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Pros and Cons of an HOA

Pros and Cons of an HOA | PorchLight Real Estate Group | Denver, Boulder

It’s Your Choice, HOA or No HOA

Interest rates are easing and the busy season for the real estate market is coming up quickly. If you’ve been waiting on the sidelines to buy a home, now is the right time to get out there. Along the way, you will likely tour numerous homes and neighborhoods, some with an HOA.

A Homeowners Association plays a pivotal role in maintaining the quality and even harmony of the residential communities they govern. Their dynamics can significantly impact your experience as a homeowner, so it’s vital to consider all aspects before deciding to make an offer on a home within one of these communities.

Sure, HOAs tend to be a contentious, over-sensationalized topic. You’ve likely heard stories about associations with strict rules and outrageous fines. You may feel that if you’re investing a huge amount of money into a home, you should be able to do whatever you want, even paint it pink with purple polka dots, and let the grass grow to 12 feet high. 

If you want that kind of autonomy, an HOA might not be right for you. And that’s completely fine, just let your real estate agent know up front! Then again, if you’re on the fence about an HOA community or plan to purchase a condo where an association is likely unavoidable, there are upsides and ways to research their inner workings and find a great fit.

In addition, significant decisions are typically voted on by homeowners, so if you end up living in an HOA community, your best bet is to get involved. You could even volunteer to join the board if and when there’s a vacancy. Change comes from within, right? Let’s take a closer look.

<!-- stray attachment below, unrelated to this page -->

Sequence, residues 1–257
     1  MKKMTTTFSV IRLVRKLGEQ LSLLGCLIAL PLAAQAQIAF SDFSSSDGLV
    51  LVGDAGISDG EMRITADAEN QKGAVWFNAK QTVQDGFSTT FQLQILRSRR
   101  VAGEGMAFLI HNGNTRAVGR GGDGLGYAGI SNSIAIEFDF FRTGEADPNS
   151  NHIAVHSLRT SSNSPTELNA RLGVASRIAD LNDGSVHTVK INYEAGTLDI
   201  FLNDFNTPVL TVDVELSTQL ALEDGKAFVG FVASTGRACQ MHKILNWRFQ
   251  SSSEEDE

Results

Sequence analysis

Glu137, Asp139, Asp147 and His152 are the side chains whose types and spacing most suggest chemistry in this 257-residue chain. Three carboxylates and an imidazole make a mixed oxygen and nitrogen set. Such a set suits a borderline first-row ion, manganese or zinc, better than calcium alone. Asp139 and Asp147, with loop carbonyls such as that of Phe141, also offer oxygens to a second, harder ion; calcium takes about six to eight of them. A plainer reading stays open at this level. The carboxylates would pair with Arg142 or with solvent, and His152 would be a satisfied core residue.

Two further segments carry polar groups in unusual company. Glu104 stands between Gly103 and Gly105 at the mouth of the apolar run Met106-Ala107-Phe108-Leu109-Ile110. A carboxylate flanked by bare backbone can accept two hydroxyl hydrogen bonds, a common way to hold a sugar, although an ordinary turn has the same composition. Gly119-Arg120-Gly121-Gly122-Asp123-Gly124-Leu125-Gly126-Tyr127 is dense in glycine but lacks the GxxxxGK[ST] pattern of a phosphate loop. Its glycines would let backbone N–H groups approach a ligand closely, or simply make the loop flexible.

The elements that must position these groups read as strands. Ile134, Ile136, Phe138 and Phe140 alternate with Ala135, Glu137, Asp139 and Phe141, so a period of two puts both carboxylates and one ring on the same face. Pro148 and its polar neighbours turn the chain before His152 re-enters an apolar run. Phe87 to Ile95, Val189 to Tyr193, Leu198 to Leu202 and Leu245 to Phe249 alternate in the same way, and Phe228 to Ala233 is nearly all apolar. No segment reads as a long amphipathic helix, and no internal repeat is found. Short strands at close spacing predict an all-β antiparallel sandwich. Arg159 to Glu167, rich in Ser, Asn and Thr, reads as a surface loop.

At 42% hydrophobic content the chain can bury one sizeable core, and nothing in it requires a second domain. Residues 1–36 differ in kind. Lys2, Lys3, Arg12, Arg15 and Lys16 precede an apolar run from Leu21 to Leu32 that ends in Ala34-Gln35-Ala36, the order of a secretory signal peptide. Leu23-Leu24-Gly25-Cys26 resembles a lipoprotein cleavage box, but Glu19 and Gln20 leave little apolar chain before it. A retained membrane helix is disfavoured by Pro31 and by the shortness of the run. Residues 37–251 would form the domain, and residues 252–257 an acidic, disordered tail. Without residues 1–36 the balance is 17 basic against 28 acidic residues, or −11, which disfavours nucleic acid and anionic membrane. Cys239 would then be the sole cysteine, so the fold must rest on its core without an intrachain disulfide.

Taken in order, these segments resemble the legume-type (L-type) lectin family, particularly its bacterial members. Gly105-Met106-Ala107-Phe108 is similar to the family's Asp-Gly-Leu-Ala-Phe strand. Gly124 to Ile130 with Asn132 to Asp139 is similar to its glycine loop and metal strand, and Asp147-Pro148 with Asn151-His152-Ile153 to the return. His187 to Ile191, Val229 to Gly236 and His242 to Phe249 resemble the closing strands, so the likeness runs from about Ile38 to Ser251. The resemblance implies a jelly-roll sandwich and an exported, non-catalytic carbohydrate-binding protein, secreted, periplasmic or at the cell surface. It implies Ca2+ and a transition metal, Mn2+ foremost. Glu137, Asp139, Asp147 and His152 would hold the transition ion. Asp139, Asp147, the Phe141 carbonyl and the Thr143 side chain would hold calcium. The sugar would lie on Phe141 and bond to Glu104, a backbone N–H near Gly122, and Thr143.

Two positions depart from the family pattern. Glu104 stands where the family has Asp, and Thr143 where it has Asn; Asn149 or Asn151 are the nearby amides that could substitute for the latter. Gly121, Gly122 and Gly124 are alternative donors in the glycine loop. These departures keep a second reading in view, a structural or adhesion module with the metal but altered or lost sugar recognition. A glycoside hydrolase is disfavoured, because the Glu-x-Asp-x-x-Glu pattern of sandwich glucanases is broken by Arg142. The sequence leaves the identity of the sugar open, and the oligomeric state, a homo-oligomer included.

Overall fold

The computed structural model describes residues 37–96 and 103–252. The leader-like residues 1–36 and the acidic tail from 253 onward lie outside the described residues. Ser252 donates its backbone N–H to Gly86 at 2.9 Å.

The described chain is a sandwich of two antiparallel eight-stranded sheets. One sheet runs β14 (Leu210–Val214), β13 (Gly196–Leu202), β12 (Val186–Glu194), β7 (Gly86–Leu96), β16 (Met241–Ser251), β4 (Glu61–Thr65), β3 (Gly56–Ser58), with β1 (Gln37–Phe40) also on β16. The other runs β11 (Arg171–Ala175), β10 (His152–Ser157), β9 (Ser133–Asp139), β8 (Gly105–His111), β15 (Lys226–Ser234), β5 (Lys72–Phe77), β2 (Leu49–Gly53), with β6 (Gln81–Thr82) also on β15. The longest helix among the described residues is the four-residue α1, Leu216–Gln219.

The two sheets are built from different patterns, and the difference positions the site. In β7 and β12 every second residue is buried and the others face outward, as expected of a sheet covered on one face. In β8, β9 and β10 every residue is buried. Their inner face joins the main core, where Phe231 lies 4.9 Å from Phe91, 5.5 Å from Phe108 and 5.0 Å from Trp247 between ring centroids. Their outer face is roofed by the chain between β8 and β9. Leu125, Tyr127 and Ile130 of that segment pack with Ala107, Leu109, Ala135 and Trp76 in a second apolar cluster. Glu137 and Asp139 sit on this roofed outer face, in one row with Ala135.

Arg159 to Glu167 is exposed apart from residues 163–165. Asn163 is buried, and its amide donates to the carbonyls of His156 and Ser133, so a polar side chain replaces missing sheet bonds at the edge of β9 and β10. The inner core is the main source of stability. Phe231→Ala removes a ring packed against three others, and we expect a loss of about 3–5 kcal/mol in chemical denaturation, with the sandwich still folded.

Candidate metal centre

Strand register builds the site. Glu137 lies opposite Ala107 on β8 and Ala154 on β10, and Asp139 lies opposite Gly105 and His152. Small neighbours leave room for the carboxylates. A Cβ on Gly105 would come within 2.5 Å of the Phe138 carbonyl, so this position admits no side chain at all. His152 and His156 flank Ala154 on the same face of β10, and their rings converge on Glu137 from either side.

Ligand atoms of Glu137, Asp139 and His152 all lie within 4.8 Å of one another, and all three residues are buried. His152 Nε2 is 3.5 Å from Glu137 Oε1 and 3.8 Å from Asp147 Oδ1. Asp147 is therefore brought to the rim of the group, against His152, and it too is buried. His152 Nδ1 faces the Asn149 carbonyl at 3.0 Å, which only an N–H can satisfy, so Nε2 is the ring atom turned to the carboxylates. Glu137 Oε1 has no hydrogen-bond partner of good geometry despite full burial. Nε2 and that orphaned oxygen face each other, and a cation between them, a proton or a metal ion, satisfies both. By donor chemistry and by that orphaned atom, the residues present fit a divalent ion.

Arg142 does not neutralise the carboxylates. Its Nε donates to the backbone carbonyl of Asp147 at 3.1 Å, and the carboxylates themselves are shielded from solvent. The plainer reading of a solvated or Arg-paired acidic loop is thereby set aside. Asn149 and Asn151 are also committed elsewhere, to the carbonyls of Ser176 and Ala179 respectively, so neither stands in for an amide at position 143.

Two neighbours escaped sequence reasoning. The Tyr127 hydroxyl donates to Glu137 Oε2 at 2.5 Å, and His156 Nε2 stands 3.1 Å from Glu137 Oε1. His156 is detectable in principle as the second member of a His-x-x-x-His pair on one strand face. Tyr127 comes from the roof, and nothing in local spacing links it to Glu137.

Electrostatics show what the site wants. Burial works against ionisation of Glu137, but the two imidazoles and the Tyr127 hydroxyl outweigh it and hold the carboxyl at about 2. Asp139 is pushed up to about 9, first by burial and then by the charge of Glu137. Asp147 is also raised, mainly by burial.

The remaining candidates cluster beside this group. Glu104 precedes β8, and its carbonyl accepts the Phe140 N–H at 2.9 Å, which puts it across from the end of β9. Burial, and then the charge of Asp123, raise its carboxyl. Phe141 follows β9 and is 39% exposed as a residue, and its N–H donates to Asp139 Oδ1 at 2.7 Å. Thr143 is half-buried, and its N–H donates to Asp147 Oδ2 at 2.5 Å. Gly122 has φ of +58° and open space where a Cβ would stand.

What Is a Homeowners Association?

Governing a neighborhood or condominium complex, an HOA is typically in charge of managing, maintaining, and enhancing shared spaces and common amenities such as a pool or fitness center. They set and enforce community covenants and rule restrictions (CC&Rs), collect fees (known as dues or assessments), and oversee the general well-being of the community. Common types of HOAs include:

HOA Community—Single-family homes and sometimes townhomes might have an HOA that will oversee the upkeep of shared facilities, amenities, and common areas. It may even provide snow shoveling and plowing. HOA rules, known as covenants, can also govern the community’s overall aesthetic, including home paint colors, landscaping changes, and other exterior attributes. 

Condo Association—In condominium complexes, the association maintains a building's exterior, common areas, amenities, and sometimes utilities. Buyers who want to condense costs for utilities and landscaping into one predictable payment might find condo living to be a great fit. The HOA may also provide insurance for exterior structures such as the roof which can be a big relief during hail season.

Master Association—This is an overarching HOA that governs multiple smaller sub-associations or sub-HOAs within a larger development or planned community. They might be responsible for common elements like roads, sidewalks, or large-scale landscaping. It may also oversee facilities and amenities used by all residents such as rec centers and pools, a golf course, or parks. 

What Are the Pros and Cons of an HOA?

So, now that you know what they are and what they do, here’s the nitty gritty.

Pros of an HOA

  1. Improve Your Quality of Life—An HOA that manages all amenities, facilities and grounds can greatly reduce the hassle of exterior upkeep—some will even mow the lawn right up to your front step and shovel snow off your sidewalk. You may enjoy access to a sparkling pool, fitness center (no gym membership needed), playgrounds for your kids, a BBQ area, and a clubhouse for hosting big parties and gatherings.